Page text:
3. If your spell has a continuous effect that may apply every turn, consider adding concentration to its duration if it is below 6th level. If the spell is 6th level or above, feel free to leave out concentration.
  4. If you want this spell to synergize with a different concentration spell, make the new spell at least 6th level to compensate.

When it comes to homebrew material, a dose of playtesting will always be required for optimal balance. You should keep an open dialogue with your players about potentially changing the effects of the spells that you add as you see the players using them in game and discover what their impact on the game really is.

  • \$\begingroup\$ -1: The question specifies that some sort of backup is required specifically to prevent this kind of answer based on pure speculation about what you think the design goals were. \$\endgroup\$
    – Miniman
    Nov 23, 2016 at 4:56
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    \$\begingroup\$ You should also keep in mind the context OP provided: she needs some criteria to help her invent new spells that match 5e's design philosophies. Saying "because some spells would be overpowered" doesn't really help provide criteria - some very powerful spells with durations don't require concentration. \$\endgroup\$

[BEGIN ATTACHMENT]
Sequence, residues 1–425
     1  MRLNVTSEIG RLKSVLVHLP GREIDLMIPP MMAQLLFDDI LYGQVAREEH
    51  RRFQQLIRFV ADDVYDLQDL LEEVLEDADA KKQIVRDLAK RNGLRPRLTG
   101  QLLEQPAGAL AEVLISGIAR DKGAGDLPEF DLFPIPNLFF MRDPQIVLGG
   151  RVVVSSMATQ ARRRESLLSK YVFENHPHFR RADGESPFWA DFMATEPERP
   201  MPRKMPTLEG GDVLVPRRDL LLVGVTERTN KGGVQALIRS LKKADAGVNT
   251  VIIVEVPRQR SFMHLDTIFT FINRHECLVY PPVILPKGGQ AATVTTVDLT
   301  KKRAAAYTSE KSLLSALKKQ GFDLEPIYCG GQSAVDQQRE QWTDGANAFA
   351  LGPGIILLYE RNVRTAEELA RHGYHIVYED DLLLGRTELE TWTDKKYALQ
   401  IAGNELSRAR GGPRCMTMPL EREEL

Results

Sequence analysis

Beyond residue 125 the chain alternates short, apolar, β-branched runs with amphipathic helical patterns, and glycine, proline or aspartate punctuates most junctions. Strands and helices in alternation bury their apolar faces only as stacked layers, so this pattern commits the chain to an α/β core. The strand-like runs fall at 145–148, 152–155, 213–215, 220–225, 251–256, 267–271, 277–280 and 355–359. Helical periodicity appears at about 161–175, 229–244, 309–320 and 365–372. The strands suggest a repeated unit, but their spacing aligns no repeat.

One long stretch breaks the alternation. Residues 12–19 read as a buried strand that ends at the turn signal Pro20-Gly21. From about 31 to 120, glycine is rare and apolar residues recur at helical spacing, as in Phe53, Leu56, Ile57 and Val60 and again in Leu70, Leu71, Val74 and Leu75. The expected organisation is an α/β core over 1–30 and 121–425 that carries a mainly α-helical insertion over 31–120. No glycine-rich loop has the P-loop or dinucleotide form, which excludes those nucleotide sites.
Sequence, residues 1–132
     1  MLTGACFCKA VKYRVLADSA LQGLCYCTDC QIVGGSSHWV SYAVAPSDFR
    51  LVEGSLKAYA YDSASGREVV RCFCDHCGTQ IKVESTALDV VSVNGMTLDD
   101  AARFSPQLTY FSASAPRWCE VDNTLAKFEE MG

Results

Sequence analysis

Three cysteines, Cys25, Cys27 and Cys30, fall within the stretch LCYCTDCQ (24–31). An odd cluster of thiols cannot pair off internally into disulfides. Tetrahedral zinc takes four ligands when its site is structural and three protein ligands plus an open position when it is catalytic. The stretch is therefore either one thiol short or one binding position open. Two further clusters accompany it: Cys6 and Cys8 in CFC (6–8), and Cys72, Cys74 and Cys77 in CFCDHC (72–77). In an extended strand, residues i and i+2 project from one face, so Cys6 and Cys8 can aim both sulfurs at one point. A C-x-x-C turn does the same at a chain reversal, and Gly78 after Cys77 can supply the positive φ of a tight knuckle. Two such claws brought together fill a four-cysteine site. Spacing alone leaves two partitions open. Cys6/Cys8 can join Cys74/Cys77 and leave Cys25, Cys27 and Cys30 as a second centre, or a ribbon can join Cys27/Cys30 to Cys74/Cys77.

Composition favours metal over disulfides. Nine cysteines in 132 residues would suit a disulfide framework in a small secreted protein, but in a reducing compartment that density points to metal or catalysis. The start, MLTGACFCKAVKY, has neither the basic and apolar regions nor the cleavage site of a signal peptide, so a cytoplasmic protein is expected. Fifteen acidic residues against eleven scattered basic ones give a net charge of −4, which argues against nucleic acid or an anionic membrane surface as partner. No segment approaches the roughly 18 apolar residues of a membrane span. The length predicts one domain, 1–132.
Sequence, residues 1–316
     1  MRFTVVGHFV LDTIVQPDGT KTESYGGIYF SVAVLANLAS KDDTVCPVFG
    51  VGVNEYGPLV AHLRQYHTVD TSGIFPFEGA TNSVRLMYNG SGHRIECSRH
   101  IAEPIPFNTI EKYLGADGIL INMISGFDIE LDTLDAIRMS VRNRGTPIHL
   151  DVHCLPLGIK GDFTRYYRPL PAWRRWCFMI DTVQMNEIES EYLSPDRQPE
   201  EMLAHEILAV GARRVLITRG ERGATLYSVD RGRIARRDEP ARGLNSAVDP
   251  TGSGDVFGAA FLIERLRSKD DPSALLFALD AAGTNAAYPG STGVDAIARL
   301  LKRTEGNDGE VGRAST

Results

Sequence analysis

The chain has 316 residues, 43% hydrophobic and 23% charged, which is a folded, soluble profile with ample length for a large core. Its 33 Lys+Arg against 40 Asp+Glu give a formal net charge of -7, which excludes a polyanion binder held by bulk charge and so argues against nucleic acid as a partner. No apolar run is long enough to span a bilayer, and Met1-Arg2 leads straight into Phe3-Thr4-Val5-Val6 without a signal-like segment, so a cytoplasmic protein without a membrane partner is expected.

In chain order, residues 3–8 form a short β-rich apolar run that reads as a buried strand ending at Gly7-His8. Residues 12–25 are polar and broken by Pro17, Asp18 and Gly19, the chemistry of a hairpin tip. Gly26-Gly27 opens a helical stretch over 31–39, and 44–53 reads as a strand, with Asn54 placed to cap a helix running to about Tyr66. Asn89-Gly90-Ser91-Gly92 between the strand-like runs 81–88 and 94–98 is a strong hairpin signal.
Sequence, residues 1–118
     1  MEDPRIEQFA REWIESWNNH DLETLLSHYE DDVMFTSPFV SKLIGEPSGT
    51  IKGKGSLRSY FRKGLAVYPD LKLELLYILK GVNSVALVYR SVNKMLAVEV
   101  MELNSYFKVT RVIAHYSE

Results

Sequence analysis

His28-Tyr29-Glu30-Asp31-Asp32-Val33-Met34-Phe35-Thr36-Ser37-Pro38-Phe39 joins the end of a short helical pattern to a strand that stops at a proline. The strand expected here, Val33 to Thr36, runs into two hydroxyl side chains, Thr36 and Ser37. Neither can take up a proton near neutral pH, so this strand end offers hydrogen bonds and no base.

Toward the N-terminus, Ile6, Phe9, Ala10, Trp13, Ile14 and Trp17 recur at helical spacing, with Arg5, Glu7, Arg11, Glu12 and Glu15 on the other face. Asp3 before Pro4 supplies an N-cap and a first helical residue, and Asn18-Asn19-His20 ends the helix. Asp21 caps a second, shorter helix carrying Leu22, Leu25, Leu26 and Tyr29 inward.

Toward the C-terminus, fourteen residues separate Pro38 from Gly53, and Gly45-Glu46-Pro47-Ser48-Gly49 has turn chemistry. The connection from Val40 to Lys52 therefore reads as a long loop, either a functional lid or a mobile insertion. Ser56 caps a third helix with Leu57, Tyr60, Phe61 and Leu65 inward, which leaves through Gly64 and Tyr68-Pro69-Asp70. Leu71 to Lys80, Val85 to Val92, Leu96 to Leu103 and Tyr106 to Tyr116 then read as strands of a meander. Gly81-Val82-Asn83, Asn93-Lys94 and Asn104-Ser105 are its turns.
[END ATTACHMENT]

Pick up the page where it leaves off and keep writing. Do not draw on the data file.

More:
– Eidolon108
    Nov 23, 2016 at 7:02
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    \$\begingroup\$ @ Miniman The OP has suggested that "reverse engineering" is reasonable assuming a lack of published designer intent, then clarified that reverse engineering means analysis of the D&D spells. There are too many spells for me to analyze exhaustively, and my research yielded no designer-published discussion on why concentration exists, so I tried to discern implied intent based on experienced trends and a sample of concentration spells. \$\endgroup\$
    – Adam
    Nov 23, 2016 at 14:26
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    \$\begingroup\$ +1 I think this answer does answer the OP question. Most notable it presents the core reason "prevent stacking of continuous effects and force casters to make choices". The OP does not state that only official explanation is accepted. \$\endgroup\$
    – Sesdun
    Nov 23, 2016 at 18:57
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    \$\begingroup\$ I would add that spell level matters a bit, too. The clear delineation between high level spells (6-9) and low level spells (1-5) should be considered when deciding whether concentration is required. If an effect is similar to a low level concentration spell, but consumes a high level slot, it may be reasonable to remove the concentration requirement. We see this in a few high level spells such as Guards and Wards (multiple low level effects maintained without concentration), Programmed and elevated Major Image (long-term illusions whose durations become permanent), etc. \$\endgroup\$ Nov 23, 2016 at 20:33